Massive Links! Schutz @ Feuer: Mud-slinging or Muck-raking? | Donald Judd’s Disparity | David Salle Is One Smart MoFo

by Paddy Johnson on May 5, 2011 · 2 comments Massive Links

Dana Schutz, "Swimming, Smoking, Crying", 2009, 45 x 48 inches

  • I spent the majority of yesterday responding to a post by Adam Yarinsky at The Design Observer before throwing in the towel for the day. He’s reviewed David Raskin’s “Donald Judd” and Marianne Stockebrand’s “Chinati: The Vision of Donald Judd“, and seeing as how I haven’t read either book and the writing isn’t exactly in web-ease, I don’t have much valuable to say. Of course, that’s never stopped me before, so a minor quibble: Yarinsky likens the undulating play between Judd’s crooked box-within-a-box form to Raskin’s labeling of apparently contradictory elements in Judd’s work and I’m not sure that makes sense. I know this sounds like nitpicking, but a box that looks one way at angle A and another at angle B simply demonstrates the basic principles of perspective. Contradiction would occur if the object exhibited two opposing characteristics at the same time. Yarinsky’s second example makes much more sense: the cube’s dull reflectivity creates at once a strong physical presence and a seemingly immaterial constitution.
  • Worth a visit? Second Thoughts on the Memory Industry, is a day-long symposium on how we commemorate slated to run this Saturday. Art Spiegelman and Lawrence Weschler will be presenting along with about 20 or so other artists, critics, historians etc. Rob Pruitt is not on the list, which makes me a little sad. His Anna Nicole Smith tombstone is one of my favorite works of art.
  • Looks like David Salle’s long fight with 80’s backlash has finally ended. Emily Nathan interviews the artist for Artnet and it’s great (hat tip: Jerry Saltz).  A quote or two:

    In my view, to have value, a work of art has to do many things simultaneously — well it doesn't have to do anything, really — but let's say that one idea is that it can both offer a kind of immediate visual pizzazz, and at the same time can unfold slowly over time, its meaning deepening and its complexity ripening, while the immediacy of its visual impact never fades. That is what we as artists strive for.

    Also,

    I think it's pretty much a truism that meaning changes. There is another chestnut that occurs to me here — a slightly more highbrow one. Wittgenstein tells us: “For the meaning of something, consider its use.” What critics often do is to come at something with a specific use in mind — the use to which the painting will be tethered. That's the job of the critic — they stand between the work and the end-user. But the use will change over time. It's subjective, contingent, personal. I'm glad if I contributed something that was useful to someone at some point. Sometimes I'm surprised at what people find to say about my work, but it doesn't feel limiting in any way. I would also say that an interpretation is never a final one — so far.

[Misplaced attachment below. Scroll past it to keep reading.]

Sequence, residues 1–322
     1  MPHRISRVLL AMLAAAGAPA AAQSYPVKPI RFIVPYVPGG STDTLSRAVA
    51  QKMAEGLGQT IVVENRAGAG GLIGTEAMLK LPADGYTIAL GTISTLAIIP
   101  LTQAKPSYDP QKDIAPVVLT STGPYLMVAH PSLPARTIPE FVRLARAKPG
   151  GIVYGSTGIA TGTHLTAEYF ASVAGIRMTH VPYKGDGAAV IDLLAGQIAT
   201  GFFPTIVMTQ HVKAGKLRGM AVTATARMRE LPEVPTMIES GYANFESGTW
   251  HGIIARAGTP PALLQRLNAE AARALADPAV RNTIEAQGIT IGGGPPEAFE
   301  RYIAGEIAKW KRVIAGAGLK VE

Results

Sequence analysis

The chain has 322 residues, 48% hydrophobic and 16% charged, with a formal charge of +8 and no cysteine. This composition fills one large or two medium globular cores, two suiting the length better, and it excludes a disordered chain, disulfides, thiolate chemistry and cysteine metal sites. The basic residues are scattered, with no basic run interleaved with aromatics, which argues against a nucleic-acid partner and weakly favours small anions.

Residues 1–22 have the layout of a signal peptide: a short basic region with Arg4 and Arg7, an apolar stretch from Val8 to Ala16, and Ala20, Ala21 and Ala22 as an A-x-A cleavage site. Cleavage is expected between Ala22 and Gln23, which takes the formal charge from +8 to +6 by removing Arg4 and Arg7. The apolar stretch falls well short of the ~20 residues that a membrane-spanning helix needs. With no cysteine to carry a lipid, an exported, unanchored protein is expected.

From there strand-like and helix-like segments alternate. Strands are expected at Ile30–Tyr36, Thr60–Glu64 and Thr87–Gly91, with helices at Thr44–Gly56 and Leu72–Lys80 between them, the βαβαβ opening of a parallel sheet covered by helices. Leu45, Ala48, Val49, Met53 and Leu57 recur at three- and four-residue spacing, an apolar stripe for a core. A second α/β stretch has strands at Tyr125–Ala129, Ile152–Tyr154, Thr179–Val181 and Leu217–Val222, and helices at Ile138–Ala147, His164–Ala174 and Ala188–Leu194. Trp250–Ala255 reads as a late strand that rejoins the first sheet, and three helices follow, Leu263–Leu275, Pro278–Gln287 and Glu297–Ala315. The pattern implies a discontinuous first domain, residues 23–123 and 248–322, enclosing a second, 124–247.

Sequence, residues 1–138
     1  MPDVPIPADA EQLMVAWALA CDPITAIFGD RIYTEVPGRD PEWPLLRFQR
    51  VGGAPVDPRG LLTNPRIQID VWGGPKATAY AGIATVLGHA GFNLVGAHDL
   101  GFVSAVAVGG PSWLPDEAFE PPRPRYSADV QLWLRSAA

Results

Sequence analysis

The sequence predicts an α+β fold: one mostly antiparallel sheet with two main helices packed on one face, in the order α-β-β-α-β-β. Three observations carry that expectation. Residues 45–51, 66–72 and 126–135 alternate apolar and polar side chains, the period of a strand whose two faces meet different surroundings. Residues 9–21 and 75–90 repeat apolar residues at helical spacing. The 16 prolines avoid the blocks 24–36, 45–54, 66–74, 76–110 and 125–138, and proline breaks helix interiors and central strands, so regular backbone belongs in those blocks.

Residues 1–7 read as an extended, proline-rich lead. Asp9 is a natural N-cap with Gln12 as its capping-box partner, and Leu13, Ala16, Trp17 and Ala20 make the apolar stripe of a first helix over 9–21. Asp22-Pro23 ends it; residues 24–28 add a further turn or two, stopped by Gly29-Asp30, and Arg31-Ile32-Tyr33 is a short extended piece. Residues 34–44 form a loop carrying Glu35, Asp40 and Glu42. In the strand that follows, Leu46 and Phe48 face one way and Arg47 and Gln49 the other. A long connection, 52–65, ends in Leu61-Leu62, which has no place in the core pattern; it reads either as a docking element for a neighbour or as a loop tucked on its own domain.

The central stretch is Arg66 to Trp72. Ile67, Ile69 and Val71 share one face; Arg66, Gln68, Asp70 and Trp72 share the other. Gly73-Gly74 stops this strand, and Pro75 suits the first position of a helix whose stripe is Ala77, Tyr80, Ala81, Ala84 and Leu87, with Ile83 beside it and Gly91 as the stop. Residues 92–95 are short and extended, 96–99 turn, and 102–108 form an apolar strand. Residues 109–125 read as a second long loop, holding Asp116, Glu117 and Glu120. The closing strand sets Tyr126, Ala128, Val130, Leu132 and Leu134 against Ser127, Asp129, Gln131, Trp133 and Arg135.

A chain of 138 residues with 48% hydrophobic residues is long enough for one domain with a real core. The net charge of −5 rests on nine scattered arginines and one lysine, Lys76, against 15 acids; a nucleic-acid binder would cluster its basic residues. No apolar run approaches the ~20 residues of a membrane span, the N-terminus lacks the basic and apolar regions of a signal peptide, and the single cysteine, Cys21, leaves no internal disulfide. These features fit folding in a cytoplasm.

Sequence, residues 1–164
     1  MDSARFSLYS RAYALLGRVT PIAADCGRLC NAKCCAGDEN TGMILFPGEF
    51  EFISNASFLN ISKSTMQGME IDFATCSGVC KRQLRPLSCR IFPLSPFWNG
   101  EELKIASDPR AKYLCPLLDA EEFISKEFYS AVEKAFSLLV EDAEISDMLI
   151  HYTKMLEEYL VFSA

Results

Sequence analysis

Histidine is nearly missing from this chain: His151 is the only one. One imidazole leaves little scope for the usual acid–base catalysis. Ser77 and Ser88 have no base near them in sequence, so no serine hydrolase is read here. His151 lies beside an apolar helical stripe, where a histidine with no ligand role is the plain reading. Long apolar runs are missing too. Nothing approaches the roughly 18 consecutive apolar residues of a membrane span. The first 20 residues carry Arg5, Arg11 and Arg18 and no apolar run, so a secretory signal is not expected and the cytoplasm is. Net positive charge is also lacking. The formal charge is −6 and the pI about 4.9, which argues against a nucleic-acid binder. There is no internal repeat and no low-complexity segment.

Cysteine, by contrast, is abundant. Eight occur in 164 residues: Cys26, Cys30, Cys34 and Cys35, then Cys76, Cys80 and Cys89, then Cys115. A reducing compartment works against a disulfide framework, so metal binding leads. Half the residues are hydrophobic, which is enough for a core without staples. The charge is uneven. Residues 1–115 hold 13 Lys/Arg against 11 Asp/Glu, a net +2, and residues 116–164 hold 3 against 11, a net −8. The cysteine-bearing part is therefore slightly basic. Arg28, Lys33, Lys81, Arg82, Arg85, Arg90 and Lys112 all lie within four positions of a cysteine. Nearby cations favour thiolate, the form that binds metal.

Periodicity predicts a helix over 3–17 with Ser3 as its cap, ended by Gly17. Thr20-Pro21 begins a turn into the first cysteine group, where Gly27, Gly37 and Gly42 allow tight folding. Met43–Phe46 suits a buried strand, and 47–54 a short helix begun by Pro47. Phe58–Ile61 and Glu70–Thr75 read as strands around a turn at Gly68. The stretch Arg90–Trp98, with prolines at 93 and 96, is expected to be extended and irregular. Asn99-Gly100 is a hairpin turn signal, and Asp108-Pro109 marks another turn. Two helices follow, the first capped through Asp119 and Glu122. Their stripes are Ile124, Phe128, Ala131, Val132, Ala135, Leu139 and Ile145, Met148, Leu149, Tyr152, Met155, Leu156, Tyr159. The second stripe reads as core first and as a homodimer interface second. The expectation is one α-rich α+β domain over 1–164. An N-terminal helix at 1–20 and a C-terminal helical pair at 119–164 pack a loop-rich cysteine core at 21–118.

Also, also,

    It's a myth that all interpretations are equally valid. An interpretation has a better chance of holding up if it is based on close looking. Really, attentive looking heads misinterpretation off at the pass. Of course, some kinds of misinterpretation are productive — and fun.

    I particularly like this last quote, but then, I would.

  • Will over-rated artists Elmgreen & Dragset change my opinion of their recent work with a transformed submarine wharf in Rotterdam? Who knows. While we do know they plan to make a city, apparently all details will remain a secret to maximize the surprise. I guess this should help keep peanut gallery members like me quiet for the a while. We’ll see how long that lasts.
  • jameskalm

    David Raskin is my wife Kate’s cousin, and even though I also haven’t yet read the Judd book, I can assure you, it’s a friggin’ masterpiece (can I get my free copy now David?)

  • Anonymous

    Just a note that anonymous comments will not be published. If you want to gossip, your name has to be attached to comment.

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